What is Hospice?
Hospice care is a particular type of compassionate care that addresses all the needs of a person who has a serious illness – Our team member’s work together to meet the medical, emotional, and spiritual needs of patient and their family. The goal of hospice is to improve quality of life for both our patients and the family by providing patients with relief from symptoms, pain, and stress of the illness – whatever the diagnosis. In addition, hospice addresses the needs of the family and friends of the patient to the greatest extent possible so that all concerned can maintain dignity and quality of life. An important part of hospice is that patients and families help decide what care is right for them a team of doctors, nurses, and other specialists work with the patient’s other doctors to provide and extra layer of support.
All patients have certain rights to care, which includes:
- Treatment related to the life-limiting illness that is included in the hospice plan of care, plus medical equipment and supplies, services, and coordination of care.
- Medications to control the pain and other symptoms of the life-limiting illness.
- Hospice inpatient care (both acute care and respite care) in a hospice facility.
- Home visits by hospice staff, plus skilled in-home nursing.
- Consulting physicians.
- Volunteer support.
- Bereavement follow-up.
- Physicians work with the patient’s doctors. They even make house calls.
- Nurses visit the patient as often as needed and make arrangements for medications and medical equipment.
- Nurses’ aides help the patient with bathing, personal care, grooming and comfort.
- Social workers address legal, financial and emotional issues.
- Chaplains, if requested, talk about spiritual concerns.
- Volunteers keep the patient company while family caregivers take a break or run errands.
- Bereavement or grief counselors assist the family after the death with one-on-one counseling or support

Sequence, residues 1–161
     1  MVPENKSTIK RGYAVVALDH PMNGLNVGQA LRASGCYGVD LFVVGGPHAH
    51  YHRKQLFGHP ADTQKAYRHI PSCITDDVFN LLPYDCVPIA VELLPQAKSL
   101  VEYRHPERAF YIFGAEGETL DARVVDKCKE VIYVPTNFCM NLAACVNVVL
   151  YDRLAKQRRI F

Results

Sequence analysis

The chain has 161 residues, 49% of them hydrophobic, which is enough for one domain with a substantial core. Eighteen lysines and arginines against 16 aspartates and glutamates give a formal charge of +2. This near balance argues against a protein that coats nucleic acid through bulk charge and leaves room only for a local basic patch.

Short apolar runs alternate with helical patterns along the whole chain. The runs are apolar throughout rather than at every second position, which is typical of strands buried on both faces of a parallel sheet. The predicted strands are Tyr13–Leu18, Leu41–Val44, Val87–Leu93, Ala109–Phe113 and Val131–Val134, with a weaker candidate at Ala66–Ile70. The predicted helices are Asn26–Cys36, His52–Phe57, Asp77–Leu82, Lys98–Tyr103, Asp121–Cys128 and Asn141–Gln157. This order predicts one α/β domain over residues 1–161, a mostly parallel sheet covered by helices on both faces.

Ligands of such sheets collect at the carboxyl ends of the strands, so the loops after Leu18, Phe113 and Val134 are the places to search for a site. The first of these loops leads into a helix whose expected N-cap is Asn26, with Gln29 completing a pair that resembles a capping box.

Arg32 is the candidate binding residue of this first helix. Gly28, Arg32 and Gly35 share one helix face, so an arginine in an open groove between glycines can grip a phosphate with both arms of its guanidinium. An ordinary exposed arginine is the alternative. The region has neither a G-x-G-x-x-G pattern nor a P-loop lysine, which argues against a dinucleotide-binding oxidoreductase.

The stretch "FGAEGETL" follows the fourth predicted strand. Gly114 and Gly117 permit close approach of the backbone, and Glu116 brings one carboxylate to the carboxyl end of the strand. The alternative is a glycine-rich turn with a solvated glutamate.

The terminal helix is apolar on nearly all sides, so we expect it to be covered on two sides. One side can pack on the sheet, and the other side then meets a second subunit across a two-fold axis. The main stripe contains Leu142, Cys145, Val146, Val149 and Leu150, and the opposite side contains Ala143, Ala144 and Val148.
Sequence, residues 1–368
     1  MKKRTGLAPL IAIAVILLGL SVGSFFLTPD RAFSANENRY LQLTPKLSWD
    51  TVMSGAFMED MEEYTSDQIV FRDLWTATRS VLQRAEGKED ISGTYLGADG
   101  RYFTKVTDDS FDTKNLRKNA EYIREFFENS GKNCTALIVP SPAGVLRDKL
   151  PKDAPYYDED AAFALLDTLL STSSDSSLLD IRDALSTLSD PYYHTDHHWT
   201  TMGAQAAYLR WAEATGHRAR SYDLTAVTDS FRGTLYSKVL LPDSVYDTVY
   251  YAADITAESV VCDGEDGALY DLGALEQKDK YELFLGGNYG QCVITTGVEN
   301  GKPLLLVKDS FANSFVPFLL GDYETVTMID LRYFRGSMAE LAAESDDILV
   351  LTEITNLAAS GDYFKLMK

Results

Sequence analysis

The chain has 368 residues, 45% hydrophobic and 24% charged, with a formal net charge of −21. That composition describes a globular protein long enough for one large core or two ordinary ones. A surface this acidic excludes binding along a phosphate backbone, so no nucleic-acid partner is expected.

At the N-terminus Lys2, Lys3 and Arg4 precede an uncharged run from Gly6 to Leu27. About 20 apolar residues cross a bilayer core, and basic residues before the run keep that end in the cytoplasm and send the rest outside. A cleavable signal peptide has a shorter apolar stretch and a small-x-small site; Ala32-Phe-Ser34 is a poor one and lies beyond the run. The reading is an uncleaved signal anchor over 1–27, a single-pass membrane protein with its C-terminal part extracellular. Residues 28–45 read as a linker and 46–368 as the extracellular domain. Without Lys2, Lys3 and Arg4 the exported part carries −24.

groups, if desired.
The cost of hospice care is covered by Medicare and most insurance plans. Lake Superior Hospice is not-for-profit. That means whatever money is leftover after expenses goes to patient care and community programs, not to investors. No one is ever denied care because of inability to pay.
What patients and families can expect from palliative care:
- Pain and symptom control: The palliative care team will identify the patient’s
sources of pain and discomfort. Some of the sources include problems with
breathing, fatigue, depression, insomnia, or bowel or bladder. After the team
identifies the source, they will provide treatments that can offer relief. Some
of the reliefs include medication, along with massage therapy or relaxation
- Communication and coordination: Palliative care teams are very good at
communicating with the patient, their family, and the doctors to ensure that
all needs are met. The team will establish goals for the patients care, aid in
decision-making and seamless coordination of care.
- Emotional support: Palliative care dose not just focus on the illness but instead
focuses on the entire person. The team members will address any spiritual,
psychological, emotional or social needs the patient and their family may have.
- Family/caregiver support: The palliative care team understands and supports
caregivers as they bear a great deal of stress. This understanding and attention
helps ease some of the strain and can help the family with their decision-making.
1. Palliative Care. Web. 14 Sept. 2011.
Kind of Care
A 10-week bereavement group has started on September 15th at the Carnegie Public Library in Ishpeming. If you are interested in attending the 10-week course, please call Cara Zanetti, LSH Bereavement Coordinator, to register. The group will meet on Tuesdays from 3 p.m. to 4:30 p.m. and will be utilizing “Understanding Your Grief” by Alan Wolfelt, Ph. D.
Contact Cara by phone at 906-225-7760.